12 January 2014 Edition
Sectarianism and segregation
Barriers to reconciliation and a shared future
SECTARIANISM is both a by-product of British colonialism in Ireland and the cement used to embed the partition of Ireland and provide the ethos of the new Northern state just over 90 years ago.
The government of the state was infamously described by a one-time Prime Minister James Craig as being “a Protestant parliament for a Protestant people”.
It was designed to guarantee an overall permanent unionist and Protestant majority.
To this day, Northern society continues to exhibit the communal sectarian divisions which were used to create the Northern state and a present-day siege culture originally fostered by the unionist ruling elite to maintain social control and provide the fledgling state with a raison d’źtre.
The fact is that sectarianism and segregation are central to our contested past. For as long as that remains the case, it will hold back the address of legacy issues.
The polarisation and societal and political ambivalence fostered by sectarianism means that Northern society has yet to address with any sustained or mainstreamed discourse the nature of sectarianism and how it should be tackled.
It is a fact that, for as long as the attitudes and agents of sectarianism and segregation remain unchallenged, division and polarisation will be perpetuated, intolerance and bigotry will continue, and the potential for instability and conflict will be a constant.
The Good Friday Agreement provides the political framework and governing principles to facilitate the conduct of politics and co-existence of distinct and competing political traditions and aspirations.
True democratic politics, bereft of sectarian culture or attitudes, need to work and be seen to do so successfully within our institutions, under the agreed and binding Good Friday Agreement principles.
To that end Sinn Féin supports:-
- The full implementation of the Together Building a United Community (OFMDFM) strategy and calls for that to be reinforced with the following measures aimed at undermining sectarianism in the longer term.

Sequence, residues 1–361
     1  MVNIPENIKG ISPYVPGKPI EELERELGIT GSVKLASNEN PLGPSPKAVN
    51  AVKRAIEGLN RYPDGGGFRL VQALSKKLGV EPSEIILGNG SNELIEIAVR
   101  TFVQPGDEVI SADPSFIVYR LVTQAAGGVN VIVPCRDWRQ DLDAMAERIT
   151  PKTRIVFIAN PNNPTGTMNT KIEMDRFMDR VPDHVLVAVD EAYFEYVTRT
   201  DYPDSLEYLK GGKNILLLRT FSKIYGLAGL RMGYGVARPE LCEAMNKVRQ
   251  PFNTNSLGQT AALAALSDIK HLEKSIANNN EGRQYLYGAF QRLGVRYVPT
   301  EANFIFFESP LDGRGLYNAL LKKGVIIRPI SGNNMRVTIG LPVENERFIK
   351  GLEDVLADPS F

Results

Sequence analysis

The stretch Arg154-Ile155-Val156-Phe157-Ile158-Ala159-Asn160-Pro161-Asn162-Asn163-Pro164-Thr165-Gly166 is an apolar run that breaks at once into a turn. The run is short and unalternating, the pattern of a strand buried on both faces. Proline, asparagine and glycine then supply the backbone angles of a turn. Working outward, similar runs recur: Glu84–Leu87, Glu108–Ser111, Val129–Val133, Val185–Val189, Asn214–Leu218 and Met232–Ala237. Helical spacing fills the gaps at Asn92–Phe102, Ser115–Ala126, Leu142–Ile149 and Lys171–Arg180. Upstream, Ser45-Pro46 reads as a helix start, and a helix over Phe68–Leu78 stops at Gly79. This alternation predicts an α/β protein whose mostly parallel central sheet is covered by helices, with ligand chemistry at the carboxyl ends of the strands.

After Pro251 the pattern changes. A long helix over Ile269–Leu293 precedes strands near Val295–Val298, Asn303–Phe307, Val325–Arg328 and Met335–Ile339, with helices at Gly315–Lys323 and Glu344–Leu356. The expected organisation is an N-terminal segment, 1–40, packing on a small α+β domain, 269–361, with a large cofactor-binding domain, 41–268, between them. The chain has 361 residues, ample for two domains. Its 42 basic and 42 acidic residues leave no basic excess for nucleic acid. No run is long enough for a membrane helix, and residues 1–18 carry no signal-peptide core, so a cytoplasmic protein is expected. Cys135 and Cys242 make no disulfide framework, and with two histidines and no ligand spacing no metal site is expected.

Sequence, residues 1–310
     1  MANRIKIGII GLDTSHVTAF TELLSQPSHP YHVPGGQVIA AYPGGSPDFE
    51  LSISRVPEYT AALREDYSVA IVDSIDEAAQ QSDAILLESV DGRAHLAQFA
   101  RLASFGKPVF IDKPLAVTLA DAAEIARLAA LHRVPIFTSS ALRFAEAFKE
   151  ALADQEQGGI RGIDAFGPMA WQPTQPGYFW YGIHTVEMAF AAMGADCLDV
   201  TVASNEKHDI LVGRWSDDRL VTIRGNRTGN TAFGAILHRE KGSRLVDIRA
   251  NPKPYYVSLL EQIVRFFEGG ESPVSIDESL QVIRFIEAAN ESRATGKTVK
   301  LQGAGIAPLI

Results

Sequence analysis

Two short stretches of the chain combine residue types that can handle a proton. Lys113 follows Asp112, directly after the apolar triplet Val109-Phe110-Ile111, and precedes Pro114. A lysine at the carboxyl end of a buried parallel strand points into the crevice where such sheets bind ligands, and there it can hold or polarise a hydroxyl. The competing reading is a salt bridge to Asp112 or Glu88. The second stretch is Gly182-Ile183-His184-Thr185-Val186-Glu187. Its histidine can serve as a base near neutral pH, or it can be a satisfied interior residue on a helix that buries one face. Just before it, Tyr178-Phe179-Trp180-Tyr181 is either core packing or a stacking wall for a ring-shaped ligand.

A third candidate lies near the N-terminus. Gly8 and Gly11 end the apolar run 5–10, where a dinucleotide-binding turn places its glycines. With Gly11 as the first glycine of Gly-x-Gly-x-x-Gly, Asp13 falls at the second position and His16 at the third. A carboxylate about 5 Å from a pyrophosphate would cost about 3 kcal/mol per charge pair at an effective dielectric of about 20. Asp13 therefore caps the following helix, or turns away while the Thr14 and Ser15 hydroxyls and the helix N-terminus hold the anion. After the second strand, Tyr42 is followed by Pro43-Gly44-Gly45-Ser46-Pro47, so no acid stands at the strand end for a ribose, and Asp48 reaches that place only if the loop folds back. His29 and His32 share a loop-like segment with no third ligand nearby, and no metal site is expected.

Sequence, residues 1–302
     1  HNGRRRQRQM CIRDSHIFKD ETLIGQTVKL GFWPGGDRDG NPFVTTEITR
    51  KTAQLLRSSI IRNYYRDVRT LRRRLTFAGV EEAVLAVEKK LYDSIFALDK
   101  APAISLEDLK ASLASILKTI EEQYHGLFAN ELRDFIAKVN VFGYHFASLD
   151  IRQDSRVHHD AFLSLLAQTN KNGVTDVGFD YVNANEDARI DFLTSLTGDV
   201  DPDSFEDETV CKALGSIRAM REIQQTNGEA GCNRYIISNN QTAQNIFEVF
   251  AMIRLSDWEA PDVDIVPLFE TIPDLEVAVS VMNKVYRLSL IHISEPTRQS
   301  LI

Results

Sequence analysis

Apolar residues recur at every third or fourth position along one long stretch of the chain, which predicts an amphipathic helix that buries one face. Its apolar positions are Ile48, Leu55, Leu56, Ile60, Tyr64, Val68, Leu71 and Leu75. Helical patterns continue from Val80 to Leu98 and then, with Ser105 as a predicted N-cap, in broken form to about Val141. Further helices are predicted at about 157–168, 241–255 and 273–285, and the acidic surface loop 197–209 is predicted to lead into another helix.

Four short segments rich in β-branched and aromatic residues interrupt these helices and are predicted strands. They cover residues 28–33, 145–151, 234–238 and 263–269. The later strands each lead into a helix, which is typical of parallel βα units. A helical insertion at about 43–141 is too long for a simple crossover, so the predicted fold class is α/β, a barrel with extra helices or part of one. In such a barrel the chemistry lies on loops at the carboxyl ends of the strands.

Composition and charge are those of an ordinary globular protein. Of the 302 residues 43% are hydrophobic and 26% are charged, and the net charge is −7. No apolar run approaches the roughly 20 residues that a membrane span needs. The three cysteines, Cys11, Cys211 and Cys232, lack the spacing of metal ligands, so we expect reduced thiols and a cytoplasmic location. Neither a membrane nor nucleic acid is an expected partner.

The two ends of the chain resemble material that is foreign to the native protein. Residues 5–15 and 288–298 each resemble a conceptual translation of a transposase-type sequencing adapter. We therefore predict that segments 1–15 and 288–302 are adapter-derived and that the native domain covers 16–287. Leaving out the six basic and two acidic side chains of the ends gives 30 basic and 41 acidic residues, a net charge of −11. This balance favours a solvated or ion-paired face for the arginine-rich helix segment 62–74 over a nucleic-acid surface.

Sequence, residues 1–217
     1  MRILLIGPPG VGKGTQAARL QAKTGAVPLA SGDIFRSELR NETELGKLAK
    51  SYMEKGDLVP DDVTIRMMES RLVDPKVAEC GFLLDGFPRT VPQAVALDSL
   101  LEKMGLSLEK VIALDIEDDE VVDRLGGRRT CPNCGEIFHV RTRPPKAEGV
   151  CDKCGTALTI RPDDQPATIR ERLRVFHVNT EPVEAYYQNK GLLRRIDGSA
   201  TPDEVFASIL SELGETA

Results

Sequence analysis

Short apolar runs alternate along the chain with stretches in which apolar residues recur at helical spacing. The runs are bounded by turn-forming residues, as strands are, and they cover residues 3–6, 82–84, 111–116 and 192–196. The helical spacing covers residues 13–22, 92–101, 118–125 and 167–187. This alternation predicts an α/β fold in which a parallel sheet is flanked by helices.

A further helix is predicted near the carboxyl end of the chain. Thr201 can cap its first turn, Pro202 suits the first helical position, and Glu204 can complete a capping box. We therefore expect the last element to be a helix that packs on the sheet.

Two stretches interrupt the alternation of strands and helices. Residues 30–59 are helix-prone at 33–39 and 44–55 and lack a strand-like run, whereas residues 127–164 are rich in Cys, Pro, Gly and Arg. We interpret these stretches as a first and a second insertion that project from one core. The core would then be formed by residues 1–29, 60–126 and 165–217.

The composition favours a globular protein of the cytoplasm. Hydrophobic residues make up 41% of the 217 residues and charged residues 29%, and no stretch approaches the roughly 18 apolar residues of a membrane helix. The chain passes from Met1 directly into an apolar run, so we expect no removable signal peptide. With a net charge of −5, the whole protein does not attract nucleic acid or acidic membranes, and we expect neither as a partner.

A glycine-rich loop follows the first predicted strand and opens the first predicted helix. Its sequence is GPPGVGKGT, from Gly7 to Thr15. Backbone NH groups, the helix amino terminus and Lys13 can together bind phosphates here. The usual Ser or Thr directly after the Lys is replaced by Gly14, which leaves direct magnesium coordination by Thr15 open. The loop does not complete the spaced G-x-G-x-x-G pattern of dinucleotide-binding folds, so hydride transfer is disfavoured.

- All-party unity and leadership of a popular campaign against sectarianism and segregation.
- A citizens’ anti-sectarian charter.
- The re-establishment of a civic forum as a platform to encourage cross-community and anti-sectarian solidarity within civic society.
Part of our present reality is that the past cannot be changed or undone, nor can the suffering, hurt or pain be disowned – by any side, because none of us were bystanders to the conflict.
However, all victims deserve acknowledgement and healing of their pain, if that is possible
An initiative of common acknowledgement by all sides – British, Irish, unionist and republican – of the injustices, actions and practices, and attendant hurt caused by and to each other could introduce a powerful new dynamic to our Peace Process which could help create the space for healing, forgiveness and space to grow.
Sinn Féin advocates an all-inclusive cross-party engagement to build upon the measures contained in the Together Building a United Community strategy.
We believe the Civic Forum has an important role to play in such discussions.
Consideration should also be given to the formulation of a dedicated Reconciliation Strategy under the auspices of the North-South Ministerial Council.
It is through the implementation of such measures that entirely new circumstances can be forged and provide a new context within which to finally address the legacy of our past.
Reality shows, however, that some within our society are implacably opposed to peace and progress. Sectarianism and segregation is the refuge of those who reject the Peace Process. They offer nothing except an agenda of permanent sectarian division – and they must not be allow to succeed.
A Bill of Rights should be urgently introduced to copper-fasten the right of all citizens to live free form all forms of sectarian harassment, bigotry and intolerance.
In addition, we believe international best practice should inform the entrenchment of a definition of sectarianism in anti-sectarian legislation in the North of Ireland. This should include robust incitement to hatred provisions. Such new legislative instruments must be guaranteed the full support of the criminal justice system.
In order for sectarianism and segregation to be comprehensively tackled, our political and social context must be changed.
Sinn Féin believes this can happen through the development of an authentic reconciliation process with the critical mass and momentum to assist in transforming current divisions with new human and political relationships.
An inclusive reconciliation process could re-energise politics and support in opening up a new phase of our Peace Process.